Background Advance Care Planning (ACP) has been shown to increase prevalence of advance directives in German nursing homes (n/h) and therefore been introduced by recent legislation for n/h residents covered by sickness funds. However, clinical benefits and costs of ACP for n/h residents have not been studied in German speaking countries yet.
Methods cRCT in 4 study centres, each comprising 11 n/h (3.520 n/h residents altogether). 22 n/h will be randomised to the ACP intervention, the other half continue with usual care. The complex ACP intervention consists of comprehensive qualification of ACP facilitators and family physicians, education of all regional health care actors relevant for the care of n/h residents, and coordination within and between participating institutions.
Primary hypothesis is a reduced rate of unwanted hospital admissions. Secondary hypotheses include increased rates of residents whose preferences are known and followed in pre-defined critical treatment decisions, residents dying in the n/h (versus in hospital) according to their preference, and residents, their families, and their caregivers who appreciate congruence between treatment wanted and delivered. Additionally, we plan a comprehensive process evaluation and a health economic analysis.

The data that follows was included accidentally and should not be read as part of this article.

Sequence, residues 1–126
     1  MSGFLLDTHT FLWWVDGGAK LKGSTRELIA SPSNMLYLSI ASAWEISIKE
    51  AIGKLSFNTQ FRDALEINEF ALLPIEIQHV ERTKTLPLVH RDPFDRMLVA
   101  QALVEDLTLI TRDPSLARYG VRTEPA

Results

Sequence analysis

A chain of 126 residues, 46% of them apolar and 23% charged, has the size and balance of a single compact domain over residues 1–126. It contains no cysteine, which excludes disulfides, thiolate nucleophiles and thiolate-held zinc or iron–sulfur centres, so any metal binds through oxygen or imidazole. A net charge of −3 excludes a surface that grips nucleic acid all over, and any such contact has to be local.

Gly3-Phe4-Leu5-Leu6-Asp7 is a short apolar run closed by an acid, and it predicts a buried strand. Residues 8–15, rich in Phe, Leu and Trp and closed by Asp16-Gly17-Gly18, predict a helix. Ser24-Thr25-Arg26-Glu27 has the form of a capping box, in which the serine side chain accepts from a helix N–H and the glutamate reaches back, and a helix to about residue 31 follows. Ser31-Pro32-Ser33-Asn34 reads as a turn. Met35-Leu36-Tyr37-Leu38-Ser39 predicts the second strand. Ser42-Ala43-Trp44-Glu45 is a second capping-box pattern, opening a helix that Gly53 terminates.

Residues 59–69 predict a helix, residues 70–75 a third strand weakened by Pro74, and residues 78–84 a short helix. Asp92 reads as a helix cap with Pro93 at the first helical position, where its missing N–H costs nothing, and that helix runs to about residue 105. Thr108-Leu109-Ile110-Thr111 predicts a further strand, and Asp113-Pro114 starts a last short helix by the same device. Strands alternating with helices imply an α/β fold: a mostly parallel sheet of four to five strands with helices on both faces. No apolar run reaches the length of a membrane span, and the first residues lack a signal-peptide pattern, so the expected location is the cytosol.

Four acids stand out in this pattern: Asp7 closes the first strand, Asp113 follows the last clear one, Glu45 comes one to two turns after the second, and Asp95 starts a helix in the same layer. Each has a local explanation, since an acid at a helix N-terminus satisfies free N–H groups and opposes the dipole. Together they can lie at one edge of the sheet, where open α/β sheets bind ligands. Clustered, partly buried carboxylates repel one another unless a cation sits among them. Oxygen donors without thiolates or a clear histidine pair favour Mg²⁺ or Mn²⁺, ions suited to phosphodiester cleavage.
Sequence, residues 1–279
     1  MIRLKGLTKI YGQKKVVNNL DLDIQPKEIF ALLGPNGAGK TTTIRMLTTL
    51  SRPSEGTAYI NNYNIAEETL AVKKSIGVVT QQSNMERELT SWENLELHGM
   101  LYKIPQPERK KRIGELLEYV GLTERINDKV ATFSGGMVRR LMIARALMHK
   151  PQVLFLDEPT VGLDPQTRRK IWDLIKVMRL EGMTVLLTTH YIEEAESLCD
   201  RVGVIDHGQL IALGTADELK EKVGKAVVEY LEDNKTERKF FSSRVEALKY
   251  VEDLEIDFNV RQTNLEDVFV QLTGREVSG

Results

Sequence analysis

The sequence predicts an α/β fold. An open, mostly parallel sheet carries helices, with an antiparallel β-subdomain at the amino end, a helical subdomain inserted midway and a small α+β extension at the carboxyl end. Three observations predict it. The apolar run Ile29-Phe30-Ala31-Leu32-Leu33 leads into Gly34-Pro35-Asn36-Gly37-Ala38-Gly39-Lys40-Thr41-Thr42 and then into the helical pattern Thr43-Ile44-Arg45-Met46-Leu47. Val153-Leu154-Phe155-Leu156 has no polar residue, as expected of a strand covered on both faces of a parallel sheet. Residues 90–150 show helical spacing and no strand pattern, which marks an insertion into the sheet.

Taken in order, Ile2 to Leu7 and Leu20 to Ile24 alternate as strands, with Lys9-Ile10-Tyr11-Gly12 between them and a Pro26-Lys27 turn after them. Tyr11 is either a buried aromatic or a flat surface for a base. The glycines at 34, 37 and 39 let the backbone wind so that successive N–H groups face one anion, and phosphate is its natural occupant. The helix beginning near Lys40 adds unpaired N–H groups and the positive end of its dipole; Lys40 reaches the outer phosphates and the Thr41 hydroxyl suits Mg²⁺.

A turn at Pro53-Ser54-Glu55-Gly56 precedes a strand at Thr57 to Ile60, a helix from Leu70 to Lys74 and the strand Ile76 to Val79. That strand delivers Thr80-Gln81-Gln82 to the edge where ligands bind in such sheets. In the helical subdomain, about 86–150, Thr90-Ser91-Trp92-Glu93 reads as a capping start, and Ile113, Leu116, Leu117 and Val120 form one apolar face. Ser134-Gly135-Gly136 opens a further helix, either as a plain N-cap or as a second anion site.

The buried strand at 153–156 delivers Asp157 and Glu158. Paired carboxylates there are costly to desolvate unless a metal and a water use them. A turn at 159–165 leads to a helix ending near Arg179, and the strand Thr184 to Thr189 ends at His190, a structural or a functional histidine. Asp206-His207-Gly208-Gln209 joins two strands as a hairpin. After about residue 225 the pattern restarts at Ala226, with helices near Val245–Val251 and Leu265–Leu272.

Conclusion While ACP has been repeatedly shown to be clinically effective in n/h, recent data from the Netherlands indicate it may not. Our trial, funded by the Innovation Fund of the Federal Joint Commission, will provide elaborate, 8 days facilitator qualification involving 24 hours of role plays with simulated patients, and it will be the first to study hospitalisation rate in all residents of participating n/h.